This workstream brings together
leading health economists, methodologists and statisticians from Leeds,
Birmingham and Oxford and aims to develop methodology to evaluate the optimal
use and benefits of biomarkers for patient and disease monitoring in three
- Methodological review work to identify areas of research
that could be developed or adapted for use in monitoring for disease
progression or recurrence. This includes the examination of case studies for insight
into current practice in monitoring for progression or recurrence, the review
of existing randomised controlled trials (RCTs) of monitoring, and also the
review of available methodology to
identify areas of research that could be used or adapted for development
and evaluation of monitoring strategies.
- How simulation
models can be used to design and evaluate monitoring rules, particularly how
information from an ongoing study can be used to adapt and optimise the design
of that study. The reliability of a simulation model depends on the data upon
which it is based. This stage will consider the way in which information obtained
during an on-going study (the ELUCIDATE trial – workstream 3) can be analysed
to optimise monitoring rules, and whether resulting adaptations for the design
for the on-going study can be implemented without compromising its validity or
- Health economics –
optimising monitoring tests to meet a cost-effectiveness decision rule;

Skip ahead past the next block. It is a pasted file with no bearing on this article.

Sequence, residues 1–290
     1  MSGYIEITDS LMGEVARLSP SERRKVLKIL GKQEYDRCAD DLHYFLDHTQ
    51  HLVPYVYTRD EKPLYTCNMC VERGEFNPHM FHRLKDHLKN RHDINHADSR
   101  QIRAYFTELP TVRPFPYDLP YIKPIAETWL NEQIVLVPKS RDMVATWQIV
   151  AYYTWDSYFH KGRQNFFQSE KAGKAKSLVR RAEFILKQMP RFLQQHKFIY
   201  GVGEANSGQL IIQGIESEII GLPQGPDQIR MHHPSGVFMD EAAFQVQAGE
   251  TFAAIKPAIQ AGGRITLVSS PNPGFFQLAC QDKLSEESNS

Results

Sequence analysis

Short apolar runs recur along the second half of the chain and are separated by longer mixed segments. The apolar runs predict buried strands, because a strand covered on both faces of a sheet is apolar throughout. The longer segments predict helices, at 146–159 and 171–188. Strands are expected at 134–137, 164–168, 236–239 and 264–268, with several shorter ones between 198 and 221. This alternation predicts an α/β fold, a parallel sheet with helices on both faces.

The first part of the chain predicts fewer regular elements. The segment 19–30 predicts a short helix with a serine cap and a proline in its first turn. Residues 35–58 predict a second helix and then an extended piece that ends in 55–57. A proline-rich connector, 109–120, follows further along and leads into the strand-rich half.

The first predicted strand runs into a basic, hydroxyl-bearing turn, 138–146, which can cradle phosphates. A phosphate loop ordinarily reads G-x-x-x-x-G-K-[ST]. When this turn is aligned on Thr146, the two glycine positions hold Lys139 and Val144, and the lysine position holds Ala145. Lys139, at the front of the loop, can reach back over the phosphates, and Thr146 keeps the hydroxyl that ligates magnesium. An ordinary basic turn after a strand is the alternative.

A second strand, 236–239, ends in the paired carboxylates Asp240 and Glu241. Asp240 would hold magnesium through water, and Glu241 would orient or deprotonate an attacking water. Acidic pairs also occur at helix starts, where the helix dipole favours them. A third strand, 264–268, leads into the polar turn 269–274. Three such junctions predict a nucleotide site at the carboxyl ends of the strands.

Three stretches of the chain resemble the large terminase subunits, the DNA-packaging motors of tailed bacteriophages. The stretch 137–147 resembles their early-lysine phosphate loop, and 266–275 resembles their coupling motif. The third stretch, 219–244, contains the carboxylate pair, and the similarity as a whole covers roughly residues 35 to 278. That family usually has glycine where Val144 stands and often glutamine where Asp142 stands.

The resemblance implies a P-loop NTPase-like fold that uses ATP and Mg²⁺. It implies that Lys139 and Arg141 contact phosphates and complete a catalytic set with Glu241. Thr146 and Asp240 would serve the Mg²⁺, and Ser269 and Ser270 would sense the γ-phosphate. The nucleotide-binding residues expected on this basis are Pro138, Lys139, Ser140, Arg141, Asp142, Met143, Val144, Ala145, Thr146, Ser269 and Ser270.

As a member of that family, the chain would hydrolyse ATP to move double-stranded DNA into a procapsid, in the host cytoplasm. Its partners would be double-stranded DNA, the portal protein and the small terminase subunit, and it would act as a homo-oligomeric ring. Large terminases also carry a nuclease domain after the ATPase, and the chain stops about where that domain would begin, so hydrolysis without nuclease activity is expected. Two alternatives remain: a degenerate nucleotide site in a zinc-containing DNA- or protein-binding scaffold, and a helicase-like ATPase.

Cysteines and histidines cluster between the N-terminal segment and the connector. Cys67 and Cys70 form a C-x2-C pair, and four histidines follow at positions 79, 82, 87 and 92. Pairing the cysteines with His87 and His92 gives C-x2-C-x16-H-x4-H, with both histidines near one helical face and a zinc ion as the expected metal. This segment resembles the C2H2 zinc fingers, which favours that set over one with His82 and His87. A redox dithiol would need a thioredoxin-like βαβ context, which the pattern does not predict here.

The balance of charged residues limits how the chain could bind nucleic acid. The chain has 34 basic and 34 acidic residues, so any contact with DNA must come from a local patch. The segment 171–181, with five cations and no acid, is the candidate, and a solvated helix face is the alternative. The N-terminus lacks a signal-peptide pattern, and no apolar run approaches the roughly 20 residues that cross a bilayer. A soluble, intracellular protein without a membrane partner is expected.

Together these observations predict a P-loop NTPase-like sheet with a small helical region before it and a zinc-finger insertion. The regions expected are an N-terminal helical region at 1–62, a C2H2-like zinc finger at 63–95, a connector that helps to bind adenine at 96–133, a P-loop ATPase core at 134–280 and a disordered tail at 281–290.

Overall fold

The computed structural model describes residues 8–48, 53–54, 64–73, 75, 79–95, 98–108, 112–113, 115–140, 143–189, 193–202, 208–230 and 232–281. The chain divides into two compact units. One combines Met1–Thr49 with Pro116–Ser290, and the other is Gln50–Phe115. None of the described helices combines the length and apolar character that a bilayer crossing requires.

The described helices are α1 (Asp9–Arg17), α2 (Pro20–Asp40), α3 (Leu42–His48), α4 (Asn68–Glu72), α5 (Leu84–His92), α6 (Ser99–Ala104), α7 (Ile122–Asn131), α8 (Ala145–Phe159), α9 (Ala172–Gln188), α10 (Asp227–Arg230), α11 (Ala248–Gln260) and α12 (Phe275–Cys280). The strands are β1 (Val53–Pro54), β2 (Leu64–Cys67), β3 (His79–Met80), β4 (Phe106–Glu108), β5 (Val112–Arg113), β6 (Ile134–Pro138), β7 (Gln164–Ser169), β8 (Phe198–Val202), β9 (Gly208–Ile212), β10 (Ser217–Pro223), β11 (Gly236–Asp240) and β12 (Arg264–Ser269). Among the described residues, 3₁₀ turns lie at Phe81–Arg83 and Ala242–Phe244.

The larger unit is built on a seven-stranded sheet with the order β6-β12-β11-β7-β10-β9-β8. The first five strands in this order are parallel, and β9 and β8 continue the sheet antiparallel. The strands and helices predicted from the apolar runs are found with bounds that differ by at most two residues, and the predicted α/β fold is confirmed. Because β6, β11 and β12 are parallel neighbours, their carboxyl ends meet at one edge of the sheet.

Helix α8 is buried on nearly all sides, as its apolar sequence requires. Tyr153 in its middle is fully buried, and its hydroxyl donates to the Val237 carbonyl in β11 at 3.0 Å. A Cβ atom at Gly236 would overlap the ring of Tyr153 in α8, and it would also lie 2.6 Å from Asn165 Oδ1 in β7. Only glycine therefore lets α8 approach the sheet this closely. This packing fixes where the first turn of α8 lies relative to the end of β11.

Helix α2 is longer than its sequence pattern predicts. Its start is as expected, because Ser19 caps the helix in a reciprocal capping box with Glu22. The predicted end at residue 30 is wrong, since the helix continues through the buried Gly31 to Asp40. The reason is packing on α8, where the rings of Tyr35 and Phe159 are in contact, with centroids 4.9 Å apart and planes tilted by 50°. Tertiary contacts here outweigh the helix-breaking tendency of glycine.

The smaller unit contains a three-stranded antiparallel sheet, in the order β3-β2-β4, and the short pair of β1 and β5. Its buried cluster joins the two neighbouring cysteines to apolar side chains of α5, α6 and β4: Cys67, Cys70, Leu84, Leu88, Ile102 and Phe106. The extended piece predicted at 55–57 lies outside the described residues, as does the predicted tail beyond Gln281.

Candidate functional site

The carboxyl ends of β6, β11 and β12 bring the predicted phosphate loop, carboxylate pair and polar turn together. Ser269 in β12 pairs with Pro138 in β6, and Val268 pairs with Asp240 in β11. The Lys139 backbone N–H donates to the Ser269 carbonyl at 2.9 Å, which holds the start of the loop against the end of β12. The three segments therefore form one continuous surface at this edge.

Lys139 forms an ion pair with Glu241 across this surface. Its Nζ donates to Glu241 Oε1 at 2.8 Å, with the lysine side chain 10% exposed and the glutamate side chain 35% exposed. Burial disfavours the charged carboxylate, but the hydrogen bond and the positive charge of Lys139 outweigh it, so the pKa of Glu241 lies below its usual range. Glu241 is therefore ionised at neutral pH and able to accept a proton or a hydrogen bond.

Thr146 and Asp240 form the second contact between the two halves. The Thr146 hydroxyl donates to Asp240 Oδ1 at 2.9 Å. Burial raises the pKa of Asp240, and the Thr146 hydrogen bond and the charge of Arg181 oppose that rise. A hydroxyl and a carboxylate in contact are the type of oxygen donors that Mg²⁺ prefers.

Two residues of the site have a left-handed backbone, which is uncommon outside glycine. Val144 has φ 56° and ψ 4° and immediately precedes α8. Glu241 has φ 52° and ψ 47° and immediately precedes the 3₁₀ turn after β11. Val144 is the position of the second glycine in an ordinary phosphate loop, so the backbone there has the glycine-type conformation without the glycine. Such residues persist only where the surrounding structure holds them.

characterising cost-effectiveness of diagnostic tests for resource allocation
decisions; and assessing the value of further research.
Information and results arising from this important line of
work is then used to feed back to the other workstreams, particularly workstream
3 – the ELUCIDATE trial, to provide guidance for future approaches.Progress to Date
- methodological reviews have found that RCTs are characterised by lack
of power, issues with study validity and lack of compliance with prescribed
monitoring strategies both by patients and by clinicians. Monitoring strategies
are complex interventions and, as such, can influence patient outcome in a
multitude of ways, both expected and unanticipated. Furthermore limited
attention has been paid to basic features of measurement and measurement error.
A new CONSORT extension may be required to improve standards
- following examinations of case studies, such as PSA for monitoring of
prostate cancer, it is clear that there is limited evidence of the use of
systematic methodologies to develop monitoring strategies
simulation studies are
being used to identify optimal strategies in terms of test schedules and
decision rules, and emphasise that net health benefit at the population
level should be an important part of the justification of any particular case
definition threshold. A formal decision analytic approach can be used to
identify the threshold that optimizes the contribution of these technologies to
population health in a given health care system.
Longo R, Baxter P, Hall P, Hewison J, Afshar M, Hall G, McCabe C. Methods for identifying the cost effective case definition
threshold for sequential monitoring tests: an extension of Phelps and Mushlin.
PharmacoEconomics. 2014; 32:327-334.
- Dinnes J, Hewison J, Altman D, Deeks J. The basis for
monitoring strategies in clinical guidelines: a case study of prostate specific
antigen for monitoring in prostate cancer. Canadian Medical Association Journal. 2012; 184(2):169-77.
- Dinnes J, Hewison J, Altman D, Deeks J. What can available
randomised controlled trials evaluating monitoring strategies tell us about the
design and analysis of future trials? Paper presented at MRC Clinical Trials
Methodology Conference, Bristol UK; Oct 4-5 2011.